That said, the likelihood a kid will start drinking, regardless of parental drinking patterns is moderated by parents talking to their kid about booze. When parents have rules around drinking and have honest conversations about the danger of alcohol, the outcomes are much better. Unfortunately The biggest issue for parents who drink in front of kids regularly is that when they have strict rules and talk about the dangers of alcohol, it places them in a hypocritical “do-as-I-say-not-as-I-do” situation.
So there’s a bit of a disconnect here. Drinking apparently eases the tension of parenting in a pandemic while simultaneously inuring our children to dangers of booze. So, what do you do? My decision was to stop drinking (again). I just wanted to not put so much of my attention into how much I was drinking and wat my kids were learning from my drinking.But that’s not going to be a viable solution for everyone. I totally understand that. Again, this is not a moral issue.
It might help to look at why that daily drink is so pleasing. Sure, you’re getting loose from the alcohol, but there’s more to it than that. A drink helps separate your day. It acts as the demarcation point between labor and leisure. There’s rich sensory input too. You crack the beer and hear the fizz, or tip the bottle and hear the glug glug of wine or whiskey. You inhale the aroma of the booze and you are compelled to find a comfortable place where you can sip and breathe and sip in calming repetition.
Quit Drinking, Get a Hammock
When I chose to stop drinking, I still found myself in need of some kind of transition to down time — something to promote relaxation while being a decidedly non-work pursuit. The answer came in the form of a nylon sling, strung between trees in my backyard. I replaced drinking with the easy swing of hammock time.
Some might not believe that a hammock could not possibly rival a crisp IPA in terms of pure relaxation and joy. They would be wrong. Here are the salient reasons why:
A hammock is purpose-built for slacking. There are very few productive activities that can occur in a hammock. You can read in it. You can nap in it. You can’t really sit up in it. Maybe you could knit or journal in it, but why?
A good hammock is a hug in the unconvincing disguise of a home furnishing. It should cradle the body and conform to a person’s curves.
You can’t get into a hammock without it swaying back and forth. You know, how cradles do? And that’s kind of the point. Use the swinging to measure and mark your breaths and you’ve got a one-way ticket to meditation town.
A hammock makes you look up. The sky or the tree canopy are good things to look at.
You can hammock indoors too. You don’t get the sky, but you do get the sway and the hug and as long as you’re anchored to studs a hammock is a safe way to veg out and is easily stored away when not in use.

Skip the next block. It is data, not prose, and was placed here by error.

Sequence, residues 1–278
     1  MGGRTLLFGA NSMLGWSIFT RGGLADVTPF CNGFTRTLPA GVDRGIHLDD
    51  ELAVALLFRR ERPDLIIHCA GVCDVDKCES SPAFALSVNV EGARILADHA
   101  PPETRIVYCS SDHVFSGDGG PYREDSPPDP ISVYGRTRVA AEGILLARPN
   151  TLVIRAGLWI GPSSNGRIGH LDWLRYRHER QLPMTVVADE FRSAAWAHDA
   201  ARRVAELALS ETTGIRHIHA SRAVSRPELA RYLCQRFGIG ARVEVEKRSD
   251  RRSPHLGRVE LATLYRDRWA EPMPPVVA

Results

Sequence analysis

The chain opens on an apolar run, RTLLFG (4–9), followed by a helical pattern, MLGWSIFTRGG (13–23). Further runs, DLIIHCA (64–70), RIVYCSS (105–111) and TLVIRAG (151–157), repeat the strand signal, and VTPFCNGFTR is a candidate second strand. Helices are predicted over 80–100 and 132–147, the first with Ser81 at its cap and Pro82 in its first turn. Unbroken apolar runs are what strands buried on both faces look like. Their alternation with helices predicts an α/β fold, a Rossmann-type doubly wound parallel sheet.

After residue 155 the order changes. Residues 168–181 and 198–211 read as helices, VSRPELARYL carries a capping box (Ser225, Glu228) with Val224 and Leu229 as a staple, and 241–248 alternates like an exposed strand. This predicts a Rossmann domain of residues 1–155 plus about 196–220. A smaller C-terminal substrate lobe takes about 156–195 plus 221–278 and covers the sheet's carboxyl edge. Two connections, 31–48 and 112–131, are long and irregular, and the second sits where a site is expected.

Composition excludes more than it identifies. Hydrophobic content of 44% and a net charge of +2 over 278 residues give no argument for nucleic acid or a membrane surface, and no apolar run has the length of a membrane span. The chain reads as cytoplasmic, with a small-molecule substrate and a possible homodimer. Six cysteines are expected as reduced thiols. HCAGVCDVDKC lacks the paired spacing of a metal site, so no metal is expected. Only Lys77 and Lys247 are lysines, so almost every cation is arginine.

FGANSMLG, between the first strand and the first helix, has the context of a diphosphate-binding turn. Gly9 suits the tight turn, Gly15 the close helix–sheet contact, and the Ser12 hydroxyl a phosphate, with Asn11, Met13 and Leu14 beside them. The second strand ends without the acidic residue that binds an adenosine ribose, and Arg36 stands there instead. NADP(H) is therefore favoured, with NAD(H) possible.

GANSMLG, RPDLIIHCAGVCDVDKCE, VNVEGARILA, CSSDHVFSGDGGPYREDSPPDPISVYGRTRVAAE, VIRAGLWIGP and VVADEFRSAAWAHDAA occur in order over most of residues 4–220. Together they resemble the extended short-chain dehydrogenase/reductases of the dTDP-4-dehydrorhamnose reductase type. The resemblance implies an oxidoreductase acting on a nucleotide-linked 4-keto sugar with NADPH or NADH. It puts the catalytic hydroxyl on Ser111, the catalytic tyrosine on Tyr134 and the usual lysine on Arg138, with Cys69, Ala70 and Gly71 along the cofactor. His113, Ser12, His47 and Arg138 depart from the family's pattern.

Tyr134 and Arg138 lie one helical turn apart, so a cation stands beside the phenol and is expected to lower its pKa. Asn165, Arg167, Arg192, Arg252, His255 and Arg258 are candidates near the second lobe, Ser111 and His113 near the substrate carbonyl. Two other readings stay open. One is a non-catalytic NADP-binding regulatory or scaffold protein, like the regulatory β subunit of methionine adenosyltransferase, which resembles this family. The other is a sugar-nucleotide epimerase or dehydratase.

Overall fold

Kids love hammocks and hammocks encourage cuddling.
The operative word in “coping mechanism” is coping. And coping is a hell of a lot better than not coping. Not coping might mean yelling at your kid, or feeling overwhelmed and letting important duties fall through the cracks. Stress can blind a parent from a child's emotional needs and cause them to be less responsive. Which is to say that not coping could almost certainly lead to kids feeling destabilized too. A parent who can’t cope with stress doesn’t feel like a safe person to be with.
So how do you find an alternate coping mechanism when so many of the things that help us unwind — travel, socializing, exercise — are ill-advised during a global pandemic.
So what you’re looking for is a ritual that can help you move from one moment of your day to the next with ease. It helps if that ritual hits all your senses and offers meditative calm. And there’s plenty of activities that fit the bill, many of which can be down with your children. If you have a yard you might consider a game of catch after work. Think of the smell of the leather, the sound of a ball hitting a glove, the motion of the toss and the repetition. You might wrestle. You can go for an afternoon walk that acts as a bridge between an effortful day and a more relaxed evening. Or to keep with a more epicurean pursuit you could make a pre-dinner snack with your kids. You could experiment with adding flavors to soda waters. You could indulge in a bowl of ice cream.
The best part about unhooking your daily cooldown from booze, is that the ritual you build becomes a point of binding with your children. That’s something that helps them connect and build relationships with you. It’s something that helps them cope too.
Of course, you may still want those drinks. But maybe hold off until the kids have gone to bed. Or save them for special occasions. It’ll ease your conscience and maybe even improve your health. But best of all it helps you kids establish boundaries with booze that will help them in the future.